NORTH KIVU, DR Congo
Mwasa Niyon Senga felt trapped as a first sergeant in the Democratic Forces for the Liberation of Rwanda (FDLR), an armed group that terrorizes villages in the eastern Democratic Republic of the Congo.
As a Rwandan soldier during the 1994 genocide, he feared he would be arrested (and probably killed) as an enemy of the state if he returned to Rwanda from DR Congo. He fled to DR Congo during the genocide as soldiers for the current government took control of Rwanda.
In DR Congo, he believed other FDLR combatants would kill him if he defected.
He had survived as a refugee in Congo for almost 18 years as an FDLR soldier and officer, but he was tired of hunger, sickness and constant war. He didn’t have anywhere to go.
His wife Nyasa Icyimpaye Cecile, too, was tired of being constantly on the move.
“Life in the forest was very, very difficult. I gave birth several times in the forest. There were times when I gave birth one day and the next day I put one (child) on my back and walked two to three days without anything to eat or drink to escape the Congolese army.” (She is holding her granddaughter, Sandrine Furayabo.)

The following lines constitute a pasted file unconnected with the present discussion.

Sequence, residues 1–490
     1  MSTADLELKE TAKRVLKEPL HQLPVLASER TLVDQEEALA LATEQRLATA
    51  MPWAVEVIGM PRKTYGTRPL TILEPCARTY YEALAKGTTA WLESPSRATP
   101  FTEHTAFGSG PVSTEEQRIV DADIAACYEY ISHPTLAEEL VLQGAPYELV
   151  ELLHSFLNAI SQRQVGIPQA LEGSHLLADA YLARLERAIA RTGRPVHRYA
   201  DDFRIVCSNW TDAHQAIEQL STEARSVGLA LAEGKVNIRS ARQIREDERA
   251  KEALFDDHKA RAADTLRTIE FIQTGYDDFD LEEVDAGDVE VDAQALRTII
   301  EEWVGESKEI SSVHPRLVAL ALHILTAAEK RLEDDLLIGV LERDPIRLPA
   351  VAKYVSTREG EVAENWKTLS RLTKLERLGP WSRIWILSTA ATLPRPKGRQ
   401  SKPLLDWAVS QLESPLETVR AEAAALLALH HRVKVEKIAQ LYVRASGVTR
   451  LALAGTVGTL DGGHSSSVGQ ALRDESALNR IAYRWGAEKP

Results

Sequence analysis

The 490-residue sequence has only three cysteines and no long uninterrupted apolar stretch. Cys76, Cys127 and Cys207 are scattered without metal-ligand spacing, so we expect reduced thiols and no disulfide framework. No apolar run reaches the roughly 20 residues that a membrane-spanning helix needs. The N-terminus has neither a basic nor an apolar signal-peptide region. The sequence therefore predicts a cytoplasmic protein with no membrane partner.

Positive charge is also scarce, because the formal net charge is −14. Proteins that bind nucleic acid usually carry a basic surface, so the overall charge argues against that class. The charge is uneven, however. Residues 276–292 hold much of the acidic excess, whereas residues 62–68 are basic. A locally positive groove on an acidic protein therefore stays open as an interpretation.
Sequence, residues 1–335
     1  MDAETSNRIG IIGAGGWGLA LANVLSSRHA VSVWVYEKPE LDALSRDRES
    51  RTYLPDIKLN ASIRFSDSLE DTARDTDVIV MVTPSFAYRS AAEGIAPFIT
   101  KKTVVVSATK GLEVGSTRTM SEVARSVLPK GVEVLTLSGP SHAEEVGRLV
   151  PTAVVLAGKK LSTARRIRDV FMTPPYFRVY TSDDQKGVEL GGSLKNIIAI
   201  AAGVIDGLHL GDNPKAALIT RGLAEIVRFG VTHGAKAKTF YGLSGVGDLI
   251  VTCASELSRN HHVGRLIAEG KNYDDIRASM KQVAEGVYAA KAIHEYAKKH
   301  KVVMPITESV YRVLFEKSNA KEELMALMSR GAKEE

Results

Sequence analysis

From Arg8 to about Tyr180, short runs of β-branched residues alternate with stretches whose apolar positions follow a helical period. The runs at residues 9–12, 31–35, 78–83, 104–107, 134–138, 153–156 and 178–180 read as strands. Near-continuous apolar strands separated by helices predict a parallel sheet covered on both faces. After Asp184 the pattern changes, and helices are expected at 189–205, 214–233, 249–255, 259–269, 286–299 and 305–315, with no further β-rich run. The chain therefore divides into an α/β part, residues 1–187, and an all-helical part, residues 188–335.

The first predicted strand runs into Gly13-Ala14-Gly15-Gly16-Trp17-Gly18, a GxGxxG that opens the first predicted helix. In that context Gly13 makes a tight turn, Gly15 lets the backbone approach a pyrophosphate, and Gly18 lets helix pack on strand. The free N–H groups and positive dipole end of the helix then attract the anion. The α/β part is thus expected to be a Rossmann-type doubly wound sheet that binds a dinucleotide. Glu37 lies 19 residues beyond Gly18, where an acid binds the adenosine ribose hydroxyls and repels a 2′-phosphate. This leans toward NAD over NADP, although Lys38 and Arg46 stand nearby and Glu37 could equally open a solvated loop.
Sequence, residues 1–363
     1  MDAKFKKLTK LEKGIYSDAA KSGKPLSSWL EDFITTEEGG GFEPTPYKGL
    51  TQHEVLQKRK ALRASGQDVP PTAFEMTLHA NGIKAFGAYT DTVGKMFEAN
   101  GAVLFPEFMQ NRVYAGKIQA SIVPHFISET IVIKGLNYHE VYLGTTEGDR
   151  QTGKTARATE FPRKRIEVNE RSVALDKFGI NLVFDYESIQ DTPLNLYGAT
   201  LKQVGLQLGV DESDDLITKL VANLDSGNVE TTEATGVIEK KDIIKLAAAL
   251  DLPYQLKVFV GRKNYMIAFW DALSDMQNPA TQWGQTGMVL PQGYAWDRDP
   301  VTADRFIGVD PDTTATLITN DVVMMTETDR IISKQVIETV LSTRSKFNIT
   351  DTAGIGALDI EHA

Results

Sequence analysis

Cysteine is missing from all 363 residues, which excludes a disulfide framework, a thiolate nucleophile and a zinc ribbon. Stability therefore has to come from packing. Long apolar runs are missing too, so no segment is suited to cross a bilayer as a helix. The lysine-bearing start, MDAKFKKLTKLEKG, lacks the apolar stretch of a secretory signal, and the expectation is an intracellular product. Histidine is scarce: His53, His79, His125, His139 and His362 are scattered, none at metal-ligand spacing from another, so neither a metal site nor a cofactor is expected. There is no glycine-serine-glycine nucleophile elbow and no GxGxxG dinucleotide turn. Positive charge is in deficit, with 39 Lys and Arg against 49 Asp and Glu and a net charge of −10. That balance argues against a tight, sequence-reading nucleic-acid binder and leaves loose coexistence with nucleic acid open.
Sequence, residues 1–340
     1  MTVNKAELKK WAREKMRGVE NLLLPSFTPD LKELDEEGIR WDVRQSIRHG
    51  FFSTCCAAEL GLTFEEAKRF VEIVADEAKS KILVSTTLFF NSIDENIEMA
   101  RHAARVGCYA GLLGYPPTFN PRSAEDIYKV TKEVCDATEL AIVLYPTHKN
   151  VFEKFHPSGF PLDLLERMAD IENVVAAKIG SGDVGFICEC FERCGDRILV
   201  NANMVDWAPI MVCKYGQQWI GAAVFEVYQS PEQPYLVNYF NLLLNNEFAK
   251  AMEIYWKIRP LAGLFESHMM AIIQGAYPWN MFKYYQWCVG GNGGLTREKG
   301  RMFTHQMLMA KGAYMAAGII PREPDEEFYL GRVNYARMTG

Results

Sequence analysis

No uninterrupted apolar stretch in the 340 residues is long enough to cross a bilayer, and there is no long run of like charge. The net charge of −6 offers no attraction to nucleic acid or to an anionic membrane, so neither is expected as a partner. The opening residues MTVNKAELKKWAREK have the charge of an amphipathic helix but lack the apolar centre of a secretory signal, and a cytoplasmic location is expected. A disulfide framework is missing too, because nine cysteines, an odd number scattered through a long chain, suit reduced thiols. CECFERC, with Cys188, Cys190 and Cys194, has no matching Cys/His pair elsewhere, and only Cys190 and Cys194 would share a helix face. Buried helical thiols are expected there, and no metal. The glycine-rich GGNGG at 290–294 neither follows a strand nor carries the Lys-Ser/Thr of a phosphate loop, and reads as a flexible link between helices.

Cecile felt trapped because many people had assured her she would be killed if she returned to Rwanda.
Enter Emmanuel Billay. Since 2007, he has been coordinating a project to reduce violence in North Kivu, a province in Eastern Congo, by helping Rwandan refugees, including combatants like Senga, return safely to life as a civilian in Rwanda.
Billay is the North Kivu supervisor of Program for Peace and Reconciliation (PPR), an MCC partner, which has helped more than 1,900 combatants and 22,500 civilians return to Rwanda. PPR is a program of the Church of Christ in Congo, a protestant organization made up of 19 denominations.